The diagnosis of a disease normally depends on the risk factors one is exposed to during his or her lifetime, and subsequently therapeutic measures are taken in order to treat the same with hopes of a better prognosis and a healthy lifestyle.
However, scientists at the Brigham and Women’s Hospital (BWH), Harvard Medical School (HMS), the Broad Institute of MIT and Harvard, Massachusetts General Hospital (MGH), and University of Chicago, have come up with an even more interesting insight into the causes of diseases, including neurodegenerative diseases such as multiple sclerosis, stating that variations in genes in healthy people might be responsible for altered immune status against various diseases, which might only be triggered by the so-called ‘risk factors’ to make a person more susceptible to the same.
Speaking on this study, lead study author, Towfique Raj, PhD, BWH Department of Neurology and a postdoctoral scholar at the Broad Institute, said, “Over the last decade, geneticists have identified hundreds of genetic risk factors for several human diseases, but the functional consequences of those factors on relevant cells are largely unknown.Our study highlights the potential role of immune system cells in human diseases.”
The study was conducted among 461 volunteers with a diversified pool of ancestries including African American, East Asian American, or European American, from the “living biobank” of the ImmVar Project, which leveraged BWH’s PhenoGenetic Project. Blood samples were collected from these volunteers and T-lymphocytes and monocytes- bearers for adaptive and innate immunity respectively, were isolated. Gene profiling was done for each kind of cell for every blood sample, which totaled to around 19,114 gene expressions being studied.
It was found on analysis that variations in the genes in the T-lymphocytes could alter the immune status of a person in such a way so as to make him susceptible to diseases like multiple sclerosis, rheumatoid arthritis, and type 1 diabetes, more compared to that in monocytes. Conversely, genetic variations in the monocytes could lead to altered functioning of these genes, making a person more susceptible to neurodegenerative diseases like Alzheimer’s and Parkinson’s disease. Including people with a varied group of ancestries only highlighted the fact that genetic variations have similar effects on a diverse set of population, belonging to different ancestries.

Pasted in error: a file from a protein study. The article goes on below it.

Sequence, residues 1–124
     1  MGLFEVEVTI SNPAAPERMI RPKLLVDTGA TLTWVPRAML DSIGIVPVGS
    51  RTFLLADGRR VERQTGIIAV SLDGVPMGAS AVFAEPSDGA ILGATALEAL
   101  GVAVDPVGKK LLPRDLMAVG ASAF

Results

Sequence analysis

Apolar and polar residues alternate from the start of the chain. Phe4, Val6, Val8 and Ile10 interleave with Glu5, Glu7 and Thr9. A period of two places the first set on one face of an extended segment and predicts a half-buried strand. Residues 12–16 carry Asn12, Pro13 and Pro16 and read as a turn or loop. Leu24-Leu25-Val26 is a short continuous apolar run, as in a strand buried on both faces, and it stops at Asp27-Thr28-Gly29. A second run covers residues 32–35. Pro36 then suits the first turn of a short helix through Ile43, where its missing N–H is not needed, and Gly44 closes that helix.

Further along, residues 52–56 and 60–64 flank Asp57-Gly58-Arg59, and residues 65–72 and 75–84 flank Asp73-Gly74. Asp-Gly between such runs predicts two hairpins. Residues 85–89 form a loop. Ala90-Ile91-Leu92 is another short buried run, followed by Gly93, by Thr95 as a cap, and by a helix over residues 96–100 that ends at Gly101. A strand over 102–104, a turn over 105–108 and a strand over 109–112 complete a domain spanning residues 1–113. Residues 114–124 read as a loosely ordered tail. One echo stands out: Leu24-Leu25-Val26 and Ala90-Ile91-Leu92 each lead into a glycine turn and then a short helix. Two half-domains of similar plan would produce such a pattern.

Adding to this, Christophe Benoist, MD, PhD, HMS, Broad Institute associate member, and study author, remarked, “This study shows that our genomes introduce changes in the immune system early on. These changes influence how a person responds to additional risk factors that he or she may encounter over the course of their life, making them more or less susceptible to triggering a disease process such as type 1, or juvenile, diabetes.”
Philip L. De Jager, MD, PhD, director, BWH Program in Translational NeuroPsychiatric Genomics, associate member at the Broad Institute, senior study author, also commented on the usefulness of the study, saying, “The study focuses our attention on a particular part of the immune system that already exhibits changes caused by Alzheimer risk factors in people in their 20s and 30s. Functionally, we cannot say that blood-derived immune cells are the key cell type for Alzheimer’s disease. They are likely to be proxies for the infiltrating and resident cells found at the sites of neuropathology. However, these exciting insights encourage us to explore how manipulating these immune cell types may one day slow or contribute to stopping the accumulation of Alzheimer’s disease pathology that occurs as each of us ages.”
“Our multi-ethnic exploration of innate and adaptive immunity highlights a remarkable level of sharing across human populations of genetic variation influencing immune function, while identifying interesting instances of genetic effects on immune function that are specific to a population,” said Nir Hacohen, PhD, MGH and the Broad Institute, study author.
Adding her views on the topic as well, Barbara Stranger, PhD, University of Chicago, senior study author, opined that, “This study extends the narrative that many of the effects of disease-related genetic variation are specific to a certain context, such as a given immune cell type. Thus, it is clear that further studies must investigate an increasingly complex matrix of cell types and conditions to fully understand the role of human genetic variation in disease.”